We inferred all metabolites that linked to KOs or RXNs based on the relationship table for coverage evaluation. If a KO or RXN links to multiple metabolites, all were reported. For differential metabolite prediction, we first identified differential microbial functions (KOs/RXNs) between case and control samples via DESeq2 analysis (adjusted p-value threshold = 0.2; Love et al., 2014) following prevalence filtering at 5%. The list of differential microbial functions was used as the input for Mangosteen and all compounds linked to them were reported to be differential compounds.
Metabolite Prediction Using MIMOSA
Using the source code from MIMOSA3, we updated the community metabolic network template to the May 2019 version of the KEGG database. Microbiome functional abundance data were normalized by means of MUSiCC using default settings (Manor and Borenstein, 2015), as is recommended prior to applying MIMOSA for prediction. We then calculated the community-metabolic-potential (CMP) of each sample, which served as the predicted metabolome.
Metabolite Prediction Using MelonnPan
In lieu of applying the default model included in the MelonnPan package (Mallick et al., 2019), we constructed a model based on metabolome and microbial function abundance data from six previous investigations (Table 1). Because multiple microbiome sequencing datatypes exist for two studies (shotgun metagenomic and metatranscriptomic data in Lloyd et al. study; Lloyd-Price et al., 2019; 16S rRNA gene amplicon and metatranscriptomic data in SG_IBD study), we chose to leave-one-study-out cross-validation to minimize potential overfitting for MelonnPan. We retained all metabolites and microbial KOs or RXNs with over 10% prevalence and mean relative abundance over 0.01% in accordance with MelonnPan operating procedures. From the model that resulted, we mitigated the potential for spurious results by omitting metabolites predicted by only one KO or RXN from consideration (model size = 1).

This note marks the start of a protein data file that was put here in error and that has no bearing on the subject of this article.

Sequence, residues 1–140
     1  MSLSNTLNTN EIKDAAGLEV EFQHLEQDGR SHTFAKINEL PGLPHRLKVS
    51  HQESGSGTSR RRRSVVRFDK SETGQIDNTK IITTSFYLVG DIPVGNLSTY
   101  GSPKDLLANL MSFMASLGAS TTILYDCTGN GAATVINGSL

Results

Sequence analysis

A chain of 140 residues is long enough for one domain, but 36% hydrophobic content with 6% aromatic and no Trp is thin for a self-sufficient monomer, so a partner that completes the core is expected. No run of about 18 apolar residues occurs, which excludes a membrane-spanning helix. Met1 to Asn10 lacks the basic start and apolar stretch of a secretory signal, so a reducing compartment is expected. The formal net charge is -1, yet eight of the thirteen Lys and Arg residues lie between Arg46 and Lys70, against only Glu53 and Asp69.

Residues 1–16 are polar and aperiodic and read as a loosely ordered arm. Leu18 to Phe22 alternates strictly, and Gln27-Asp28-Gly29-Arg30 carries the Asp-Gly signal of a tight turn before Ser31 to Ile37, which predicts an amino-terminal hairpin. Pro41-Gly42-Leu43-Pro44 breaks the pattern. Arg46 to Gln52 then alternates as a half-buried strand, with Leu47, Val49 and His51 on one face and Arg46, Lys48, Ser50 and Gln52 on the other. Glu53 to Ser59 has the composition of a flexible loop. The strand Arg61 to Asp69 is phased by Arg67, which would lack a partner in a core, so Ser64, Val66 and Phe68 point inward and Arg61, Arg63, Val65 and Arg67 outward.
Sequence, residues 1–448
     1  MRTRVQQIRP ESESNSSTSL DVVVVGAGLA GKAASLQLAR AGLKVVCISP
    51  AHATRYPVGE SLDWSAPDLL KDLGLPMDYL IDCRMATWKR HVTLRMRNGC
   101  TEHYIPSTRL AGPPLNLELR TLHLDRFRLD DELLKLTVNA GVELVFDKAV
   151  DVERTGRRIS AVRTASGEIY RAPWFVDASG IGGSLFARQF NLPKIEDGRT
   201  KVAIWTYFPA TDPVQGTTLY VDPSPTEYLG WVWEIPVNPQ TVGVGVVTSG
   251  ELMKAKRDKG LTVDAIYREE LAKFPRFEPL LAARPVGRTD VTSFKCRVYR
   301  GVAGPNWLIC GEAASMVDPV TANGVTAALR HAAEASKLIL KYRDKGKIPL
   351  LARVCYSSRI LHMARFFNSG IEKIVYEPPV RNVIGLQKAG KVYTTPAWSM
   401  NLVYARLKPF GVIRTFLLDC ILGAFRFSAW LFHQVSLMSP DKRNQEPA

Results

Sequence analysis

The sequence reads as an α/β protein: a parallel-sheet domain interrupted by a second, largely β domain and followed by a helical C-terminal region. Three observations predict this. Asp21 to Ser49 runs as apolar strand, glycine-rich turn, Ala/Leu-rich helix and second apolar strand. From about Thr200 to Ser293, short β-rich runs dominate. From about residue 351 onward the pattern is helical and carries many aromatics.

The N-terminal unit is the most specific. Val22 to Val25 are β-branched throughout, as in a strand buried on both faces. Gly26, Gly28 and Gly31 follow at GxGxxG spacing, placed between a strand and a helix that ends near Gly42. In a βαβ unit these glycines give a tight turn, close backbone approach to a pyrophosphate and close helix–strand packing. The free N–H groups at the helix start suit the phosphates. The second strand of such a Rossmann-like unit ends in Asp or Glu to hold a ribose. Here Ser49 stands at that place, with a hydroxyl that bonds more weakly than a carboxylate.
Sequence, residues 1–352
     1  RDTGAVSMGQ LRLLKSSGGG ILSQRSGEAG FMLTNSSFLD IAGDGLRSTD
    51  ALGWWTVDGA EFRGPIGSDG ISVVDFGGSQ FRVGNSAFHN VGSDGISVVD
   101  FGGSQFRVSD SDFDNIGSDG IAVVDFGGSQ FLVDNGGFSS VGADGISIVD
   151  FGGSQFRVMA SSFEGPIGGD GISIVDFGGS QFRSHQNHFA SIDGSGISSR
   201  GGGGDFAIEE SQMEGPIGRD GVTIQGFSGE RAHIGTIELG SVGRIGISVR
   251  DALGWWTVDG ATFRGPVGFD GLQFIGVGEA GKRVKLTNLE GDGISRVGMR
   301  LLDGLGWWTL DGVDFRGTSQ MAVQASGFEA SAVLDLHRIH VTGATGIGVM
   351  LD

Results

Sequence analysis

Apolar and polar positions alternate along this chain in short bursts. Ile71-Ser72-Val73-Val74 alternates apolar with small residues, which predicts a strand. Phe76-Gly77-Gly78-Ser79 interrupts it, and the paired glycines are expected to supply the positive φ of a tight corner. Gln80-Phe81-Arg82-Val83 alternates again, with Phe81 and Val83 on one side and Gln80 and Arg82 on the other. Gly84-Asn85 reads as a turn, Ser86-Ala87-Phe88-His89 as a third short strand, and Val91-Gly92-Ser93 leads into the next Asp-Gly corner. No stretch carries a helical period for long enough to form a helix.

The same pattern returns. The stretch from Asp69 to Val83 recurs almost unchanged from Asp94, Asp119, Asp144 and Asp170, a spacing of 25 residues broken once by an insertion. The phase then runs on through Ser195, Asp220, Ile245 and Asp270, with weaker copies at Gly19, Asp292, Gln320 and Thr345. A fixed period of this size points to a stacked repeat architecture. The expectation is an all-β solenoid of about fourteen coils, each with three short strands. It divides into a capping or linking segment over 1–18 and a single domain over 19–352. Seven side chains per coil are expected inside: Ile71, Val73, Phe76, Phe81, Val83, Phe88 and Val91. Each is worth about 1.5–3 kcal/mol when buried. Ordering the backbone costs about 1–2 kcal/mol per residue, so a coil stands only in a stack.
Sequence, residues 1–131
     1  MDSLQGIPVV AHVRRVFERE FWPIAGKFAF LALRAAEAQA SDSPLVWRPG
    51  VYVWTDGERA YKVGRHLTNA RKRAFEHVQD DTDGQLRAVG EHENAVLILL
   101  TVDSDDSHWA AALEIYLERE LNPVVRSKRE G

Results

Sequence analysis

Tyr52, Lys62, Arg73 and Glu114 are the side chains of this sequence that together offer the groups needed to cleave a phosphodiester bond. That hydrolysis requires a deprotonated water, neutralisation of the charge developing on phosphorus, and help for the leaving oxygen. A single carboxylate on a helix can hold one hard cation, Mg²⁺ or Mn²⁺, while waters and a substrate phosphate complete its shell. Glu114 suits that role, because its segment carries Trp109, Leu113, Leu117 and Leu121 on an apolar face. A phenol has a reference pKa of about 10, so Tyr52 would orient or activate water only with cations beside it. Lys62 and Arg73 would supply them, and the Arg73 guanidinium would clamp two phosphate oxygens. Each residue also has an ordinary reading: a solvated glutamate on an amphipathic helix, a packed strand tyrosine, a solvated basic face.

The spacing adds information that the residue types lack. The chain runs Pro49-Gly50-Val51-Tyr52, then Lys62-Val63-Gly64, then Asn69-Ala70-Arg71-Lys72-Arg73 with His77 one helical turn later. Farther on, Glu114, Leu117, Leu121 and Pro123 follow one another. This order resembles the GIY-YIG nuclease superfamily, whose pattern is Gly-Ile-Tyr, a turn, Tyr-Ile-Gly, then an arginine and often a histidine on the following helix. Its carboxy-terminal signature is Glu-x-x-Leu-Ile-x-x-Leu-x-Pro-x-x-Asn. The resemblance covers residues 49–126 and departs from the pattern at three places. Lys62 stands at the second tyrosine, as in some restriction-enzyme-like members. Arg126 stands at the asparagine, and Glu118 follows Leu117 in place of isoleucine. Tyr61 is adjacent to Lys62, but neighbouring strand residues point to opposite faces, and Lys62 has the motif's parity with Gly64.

Predicted community metabolite profiles were compared to empirically measured metabolite profiles, and both occurrence and abundance were appraised. We then calculated the precision, recall, and F1 score for each dataset per pipeline. Occurrence evaluation only considers the presence or absence of a metabolite in a given microbial community. Abundance evaluation considers both the results of Procrustes analyses conducted across the predicted and measured abundance matrices (Peres-Neto and Jackson, 2001) and the identification of differential metabolite described below.
Prevalence filtering was applied to measured metabolome data, as well as MIMOSA and MelonnPan predicted metabolome data, and metabolites detected or predicted in fewer than 5% of the samples were omitted from consideration. Data resulting from empirically measured- and MelonnPan predicted-profiles were log transformed after imputing zeros with the minimum non-zero value per metabolite. We then conducted Student’s t-tests to identify differential metabolites between case and control samples, followed by Benjamini-Hochberg FDR correction (adjusted p-value threshold = 0.2). As the abundance matrix generated with MIMOSA includes both positive and negative values, we elected to apply Wilcoxon rank sum tests with Benjamini-Hochberg FDR correction (adjusted p-value threshold = 0.2). Wilcoxon signed rank tests were used to comparatively evaluate precision, recall, and F1 scores across pipelines and databases between paired datasets.